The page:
A pidgeon among the British F2 cats
- Mattijs Diepraam
- 8W Christmas 2000 issue
- Frazer-Nash - The marque that failed to take the Cooper straight, by Mattijs Diepraam
V BARC International Trophy (9 May 1953)
Another workshop in the business of creating Cooper lookalikes, Jack Turner's small constructing factory was hired by John Webb - by the way, an entirely different Webb from the the one that was the famous Brands Hatch supremo - to convert his MG Magnette into a single-seater in 1952. The car held a unique engine using a double overhead camshaft designed by none other than Laurence Pomeroy. With the result ever more to Webb's liking when Turner managed to eek even more power out of the engine, Webb ordered the construction of an F2 machine with which he could go Grand Prix racing in 1953. Through his contacts with the son of Lea-Francis' chief designer Turner managed to obtain the same engine that powered the early Connaughts and mated it with his ladder chassis.
In the end there came no such thing as Grand Prix racing, as Webb restricted his appearances to British events (such as the fifth International Trophy at Silverstone, dominantly won by Hawthorn and Ferrari), in which he invariably ran at the back before it broke. Only when Grand Prix driver Jack Fairman took over did the Turner manage some reasonable results, a 6th in a 1954 International Trophy qualifying heat its best.
The year would however see Turner also create the Turner-BMC, a neat little production sportscar that preceded the Austin-Healey Sprite. This car would become Turner's bread and butter for next 11 years, with 800 built and raced with considerable success in club events. By the time Turner closed the doors of his shop his single single-seater project was a thing very well in the past.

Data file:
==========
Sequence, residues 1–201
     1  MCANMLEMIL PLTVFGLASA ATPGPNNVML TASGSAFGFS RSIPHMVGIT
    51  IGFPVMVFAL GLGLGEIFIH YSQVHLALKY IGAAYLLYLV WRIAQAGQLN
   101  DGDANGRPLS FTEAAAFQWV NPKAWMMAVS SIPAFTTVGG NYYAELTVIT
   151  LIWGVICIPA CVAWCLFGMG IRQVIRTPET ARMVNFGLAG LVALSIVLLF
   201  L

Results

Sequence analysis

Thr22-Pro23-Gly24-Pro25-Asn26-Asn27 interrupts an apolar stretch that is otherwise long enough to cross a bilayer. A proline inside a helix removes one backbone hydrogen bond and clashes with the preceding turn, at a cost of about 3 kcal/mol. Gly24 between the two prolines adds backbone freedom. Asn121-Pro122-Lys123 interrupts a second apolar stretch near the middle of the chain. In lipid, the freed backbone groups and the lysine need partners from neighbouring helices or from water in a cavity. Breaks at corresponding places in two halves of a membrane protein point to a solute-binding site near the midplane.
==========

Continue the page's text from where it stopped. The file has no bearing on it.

Reader's Why by Marc Ceulemans
Jack Turner is a perfect example of the typical post-war British special builder. After coming out of the Armed Forces, he was involved in engineering and began to compete in events with a MG. Then he decided to build his own car, which followed the Cooper's layout (it was the not the only one), a ladder-frame with independent suspension all round by transverse leaf springs. Someone else saw it, like it, and asked to buy a replica and so Turner found himself becoming a constructor (as Mike Oliver's Connaught).
To his workshop came one John H. Webb, who had bought the ex-Reg Parnell MG K3 Magnette which had been fitted with a unique d.o.h.c. head designed by Laurence Pomeroy. Webb was a prominent club racer in the 1950's, and it was to continue racing for many years. He asked Turner to convert the car into a single-seater. By degrees Turner also obtained more power from the engine and Webb was sufficiently impressed to commission an F2 for the 1953 season, for he had in the back of his mind the idea that he might take in a few GPs.
The result was similar to Turner's sports specials with its lozenge-shaped ladder-frame and transverse leaf springing. Its wheelbase was 2.29 m, 11-in Girling drum brakes were fitted all round, and the rolling chassis was completed by cast alloy wheels which Turner made for his own cars and sold to other constructors such as Tojeiro.